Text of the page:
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Backup Policy and Data Security

Backup Theory:

Backup of computer data is an essential component of an effective Data Security Policy. Data Security traditionally embodies three fundamental principles;

Confidentially, Integrity and Availability:

  • That is, at all times, and in all places, company data must remain Confidential, and legislation is in place to ensure that particularly private data, containing identity information, a name and address or credit card and banking information must by law be protected from unauthorized access or disclosure.
  • Data must remain Available, that is to say that even in cases of hardware failure, company data should remain accessible in some form, or can be restored onto new or replacement hardware such that the company's data systems can remain operational and company business can continue.
  • And most pertinent to backup, the Integrity of data must be assured, such that in the case of application failure, hardware failure or other eventuality, digital information remains correct, accurate and intact, albeit in a slightly earlier version.

Backup Policy:

A Backup Strategy is only effective if a Backup Policy is in place, and this requires a certain amount of user education, and if possible, company procedures should be put in place to ensure compliance.

If possible, a Centralized Storage Policy should be in place, such that all applications used on workstations access their data from a central server or network disk. This has SO MANY ADVANTAGES, from all points of view, including data integrity, version control, data security and of course backup, since we would not have to 'work-around' the users but could instead implement a solid and reliable server-centric backup strategy.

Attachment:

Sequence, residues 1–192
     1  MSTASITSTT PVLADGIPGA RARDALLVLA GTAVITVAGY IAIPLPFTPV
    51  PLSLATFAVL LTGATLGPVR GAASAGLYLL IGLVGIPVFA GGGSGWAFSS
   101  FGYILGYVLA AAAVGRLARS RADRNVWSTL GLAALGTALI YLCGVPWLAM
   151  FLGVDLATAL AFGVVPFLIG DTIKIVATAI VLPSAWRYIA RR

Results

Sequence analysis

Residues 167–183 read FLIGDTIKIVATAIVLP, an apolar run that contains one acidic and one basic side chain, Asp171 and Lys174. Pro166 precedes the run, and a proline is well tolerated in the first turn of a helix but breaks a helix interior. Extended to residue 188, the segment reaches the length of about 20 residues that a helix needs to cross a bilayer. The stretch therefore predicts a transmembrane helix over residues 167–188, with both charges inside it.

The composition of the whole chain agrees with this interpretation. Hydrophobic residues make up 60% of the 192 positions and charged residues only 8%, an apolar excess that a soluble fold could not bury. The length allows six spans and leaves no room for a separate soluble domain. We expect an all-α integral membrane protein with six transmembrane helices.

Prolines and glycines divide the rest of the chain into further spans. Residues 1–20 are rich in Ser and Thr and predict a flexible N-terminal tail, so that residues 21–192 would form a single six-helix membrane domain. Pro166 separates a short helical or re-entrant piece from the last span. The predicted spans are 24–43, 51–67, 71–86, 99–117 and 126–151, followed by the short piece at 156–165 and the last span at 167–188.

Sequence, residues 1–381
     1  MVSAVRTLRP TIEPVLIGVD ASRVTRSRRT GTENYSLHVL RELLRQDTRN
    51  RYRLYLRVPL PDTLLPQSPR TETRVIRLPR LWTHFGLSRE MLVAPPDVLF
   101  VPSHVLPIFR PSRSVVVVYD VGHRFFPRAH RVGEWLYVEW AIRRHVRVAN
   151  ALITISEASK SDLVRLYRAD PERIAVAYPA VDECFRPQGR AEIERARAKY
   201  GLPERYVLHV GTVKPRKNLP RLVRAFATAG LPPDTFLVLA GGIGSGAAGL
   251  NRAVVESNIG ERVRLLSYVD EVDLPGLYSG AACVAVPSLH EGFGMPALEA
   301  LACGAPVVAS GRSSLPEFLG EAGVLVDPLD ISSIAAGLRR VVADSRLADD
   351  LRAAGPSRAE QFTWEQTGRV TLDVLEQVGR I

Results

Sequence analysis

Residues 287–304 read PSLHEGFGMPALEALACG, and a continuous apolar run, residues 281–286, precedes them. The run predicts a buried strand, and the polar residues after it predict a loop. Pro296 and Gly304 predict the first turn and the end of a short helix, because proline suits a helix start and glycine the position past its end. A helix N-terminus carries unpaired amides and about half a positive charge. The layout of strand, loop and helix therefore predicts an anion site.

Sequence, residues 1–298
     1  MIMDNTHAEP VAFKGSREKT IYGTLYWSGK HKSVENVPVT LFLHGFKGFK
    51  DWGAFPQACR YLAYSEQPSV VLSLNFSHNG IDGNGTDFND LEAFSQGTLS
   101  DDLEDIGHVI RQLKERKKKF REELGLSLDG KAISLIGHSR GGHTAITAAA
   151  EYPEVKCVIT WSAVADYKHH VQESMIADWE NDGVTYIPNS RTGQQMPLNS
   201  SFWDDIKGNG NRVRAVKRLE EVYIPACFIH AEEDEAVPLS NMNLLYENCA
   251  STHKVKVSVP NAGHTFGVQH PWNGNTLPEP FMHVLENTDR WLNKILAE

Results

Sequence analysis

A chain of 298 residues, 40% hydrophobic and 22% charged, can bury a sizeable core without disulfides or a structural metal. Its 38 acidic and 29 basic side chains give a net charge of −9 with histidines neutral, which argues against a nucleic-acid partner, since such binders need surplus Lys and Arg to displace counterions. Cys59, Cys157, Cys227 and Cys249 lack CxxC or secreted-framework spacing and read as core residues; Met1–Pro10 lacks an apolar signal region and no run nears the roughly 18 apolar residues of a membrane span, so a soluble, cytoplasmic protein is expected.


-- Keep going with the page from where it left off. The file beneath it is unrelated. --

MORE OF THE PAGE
Users should by all means be discouraged from taking data away on laptops or memory sticks, as this is not only bad for data security and unauthorized disclosure, but also makes it impossible to backup the latest version of crucial documents they may be working on.

A brief Backup Policy Document should be prepared and incorporated into the Company Quality Procedures. Even in ISO 9000 accredited companies, backup of computer data is rarely given much attention, so the inclusion of such a documented procedure is both a desirable and necessary addition to corporate quality procedures.

In case a Centralized Storage Policy is not in place, it is often useful to prepare 'Memo-Cards' for issue to all members of staff, giving very brief instructions on how to ensure files are closed, and computers are shut down properly in order to minimize data corruption and increase the relevance of the backup. This should of course be backed up by numerous written memos and company emails!